My favorite part of Kludge, and a decent proportion of the text, was the numerous references to studies that had been performed, testing varying aspects of the mind and human behaviour. Examples:
- Groups were given scrambled sets of words that, properly unscrambled, formed sentences. Those groups with words "designed to elicit the concept of the elderly" tended to leave the study walking slower than other groups. (p. 25)
- An apparently isolated indigenous group (in the mountains of central Asia, in the 1930s) was presented with the following: "In a certain town in Siberia all bears are white. Your neighbor went to that town and he saw a bear. What color was the bear?" To this, individuals responded that they wouldn't know, and the neighbor should be asked directly. (p. 63)
To be human is to fight a lifelong uphill battle for self-control. Why? Because evolution left us clever enough to set reasonable goals but without the willpower to see them through.I also learned a new strange sentence in this book: "People people left left" (p. 117). That is, 'a group of people, who were left by a group of people, left'. It reminds me of this one.
Another thing I'll take away from this book is a new method of remembering lists. I've grown to distrust memory, as it seems like one of the more fallible parts of the (at least my) brain. Anyway, the technique: if you've got a list of things to remember, associate each with a room in a building that you know well. Then to remember the list, just 'walk through the building'.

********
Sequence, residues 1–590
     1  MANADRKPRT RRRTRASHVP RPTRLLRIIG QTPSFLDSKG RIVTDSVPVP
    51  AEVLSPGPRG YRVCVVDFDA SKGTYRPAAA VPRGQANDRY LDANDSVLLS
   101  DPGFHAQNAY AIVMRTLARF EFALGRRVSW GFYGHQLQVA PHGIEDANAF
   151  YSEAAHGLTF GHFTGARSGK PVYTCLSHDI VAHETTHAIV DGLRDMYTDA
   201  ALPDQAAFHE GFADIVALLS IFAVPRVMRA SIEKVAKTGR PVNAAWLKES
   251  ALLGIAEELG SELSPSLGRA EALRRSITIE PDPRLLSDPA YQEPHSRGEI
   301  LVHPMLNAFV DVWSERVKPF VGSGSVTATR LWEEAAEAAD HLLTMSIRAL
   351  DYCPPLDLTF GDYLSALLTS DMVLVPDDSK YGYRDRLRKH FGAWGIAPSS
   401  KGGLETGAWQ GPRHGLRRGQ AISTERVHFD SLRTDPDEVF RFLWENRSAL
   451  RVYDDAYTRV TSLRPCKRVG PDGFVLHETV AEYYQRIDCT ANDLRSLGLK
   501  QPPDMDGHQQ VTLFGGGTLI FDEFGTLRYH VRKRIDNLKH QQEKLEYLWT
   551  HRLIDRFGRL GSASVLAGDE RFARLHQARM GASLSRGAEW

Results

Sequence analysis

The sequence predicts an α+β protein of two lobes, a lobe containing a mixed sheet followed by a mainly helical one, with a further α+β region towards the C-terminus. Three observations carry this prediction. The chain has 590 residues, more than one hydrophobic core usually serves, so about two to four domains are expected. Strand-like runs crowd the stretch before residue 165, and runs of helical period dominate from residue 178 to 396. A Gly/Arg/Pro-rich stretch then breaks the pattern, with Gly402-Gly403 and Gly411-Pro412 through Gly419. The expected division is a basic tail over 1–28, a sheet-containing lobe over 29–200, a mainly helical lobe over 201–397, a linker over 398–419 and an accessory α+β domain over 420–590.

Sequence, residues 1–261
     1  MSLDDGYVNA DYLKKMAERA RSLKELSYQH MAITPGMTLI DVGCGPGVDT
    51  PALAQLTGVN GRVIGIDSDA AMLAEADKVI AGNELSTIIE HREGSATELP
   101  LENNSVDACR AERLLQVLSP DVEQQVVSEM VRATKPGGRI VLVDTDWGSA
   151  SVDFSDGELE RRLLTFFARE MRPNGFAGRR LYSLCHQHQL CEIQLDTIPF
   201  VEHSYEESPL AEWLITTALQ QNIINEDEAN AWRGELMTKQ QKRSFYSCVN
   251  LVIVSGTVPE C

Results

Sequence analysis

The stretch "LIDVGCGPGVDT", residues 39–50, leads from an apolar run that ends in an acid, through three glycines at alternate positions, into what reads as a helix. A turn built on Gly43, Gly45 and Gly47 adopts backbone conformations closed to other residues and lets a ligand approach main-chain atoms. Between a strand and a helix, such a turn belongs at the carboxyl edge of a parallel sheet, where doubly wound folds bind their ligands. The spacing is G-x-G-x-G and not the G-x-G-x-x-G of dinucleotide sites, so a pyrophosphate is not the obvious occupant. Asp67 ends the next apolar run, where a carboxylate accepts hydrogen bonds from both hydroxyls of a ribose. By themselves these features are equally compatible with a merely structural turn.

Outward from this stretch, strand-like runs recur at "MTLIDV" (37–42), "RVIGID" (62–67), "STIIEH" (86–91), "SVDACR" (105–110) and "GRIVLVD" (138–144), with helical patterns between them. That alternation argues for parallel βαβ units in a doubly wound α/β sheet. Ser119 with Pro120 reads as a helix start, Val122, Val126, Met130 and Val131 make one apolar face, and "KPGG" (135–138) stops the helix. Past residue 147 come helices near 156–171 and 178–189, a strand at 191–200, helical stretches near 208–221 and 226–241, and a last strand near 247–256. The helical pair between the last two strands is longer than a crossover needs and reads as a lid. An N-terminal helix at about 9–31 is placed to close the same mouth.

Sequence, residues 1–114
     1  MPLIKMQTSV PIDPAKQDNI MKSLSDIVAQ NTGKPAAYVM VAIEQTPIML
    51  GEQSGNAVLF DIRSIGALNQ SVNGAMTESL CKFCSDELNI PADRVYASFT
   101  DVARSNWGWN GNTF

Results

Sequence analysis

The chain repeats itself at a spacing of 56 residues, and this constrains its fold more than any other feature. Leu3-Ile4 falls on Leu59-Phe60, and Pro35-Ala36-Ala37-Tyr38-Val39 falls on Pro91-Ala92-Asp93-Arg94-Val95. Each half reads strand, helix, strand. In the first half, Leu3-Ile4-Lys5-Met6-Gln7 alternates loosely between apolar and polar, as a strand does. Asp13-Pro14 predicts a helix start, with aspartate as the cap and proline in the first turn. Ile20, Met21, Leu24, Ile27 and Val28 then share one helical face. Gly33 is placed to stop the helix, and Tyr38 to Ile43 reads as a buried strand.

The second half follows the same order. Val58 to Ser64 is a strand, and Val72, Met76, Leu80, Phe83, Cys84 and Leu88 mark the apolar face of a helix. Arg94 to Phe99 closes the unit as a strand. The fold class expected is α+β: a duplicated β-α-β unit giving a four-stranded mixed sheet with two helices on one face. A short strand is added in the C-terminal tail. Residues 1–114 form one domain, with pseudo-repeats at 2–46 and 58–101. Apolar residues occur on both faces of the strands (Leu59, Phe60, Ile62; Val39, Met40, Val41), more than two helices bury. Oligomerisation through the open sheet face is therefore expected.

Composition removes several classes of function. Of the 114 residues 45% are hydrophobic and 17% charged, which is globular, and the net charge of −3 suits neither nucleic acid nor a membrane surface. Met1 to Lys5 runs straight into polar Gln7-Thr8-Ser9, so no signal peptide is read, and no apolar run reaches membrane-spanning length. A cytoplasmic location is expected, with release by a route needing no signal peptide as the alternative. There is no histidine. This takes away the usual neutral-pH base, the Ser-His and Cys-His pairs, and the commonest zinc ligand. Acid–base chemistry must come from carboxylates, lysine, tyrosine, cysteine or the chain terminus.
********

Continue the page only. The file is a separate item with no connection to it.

While I'm at it, I'll share a memory technique of my own, which I got from my reading of 'On Intelligence' (I don't know if it was mentioned there explicitly or not, I'd have to re-read it to find out). Frequently, as I'm trying to fall asleep, I'll remember something I need/want to do. If it's not important enough to deal with immediately, what I'll do is take something nearby my bed (a book, or shirt or something), and place it somewhere that I'll be surprised to see it in the morning (toss it across the room, maybe, or, in the case of the shirt, fold it up neatly). The idea being that when I wake up, I'll notice something out of place, and it will trigger the associated memory from the night before of the thing I have to do. It's worked out well enough for me so far.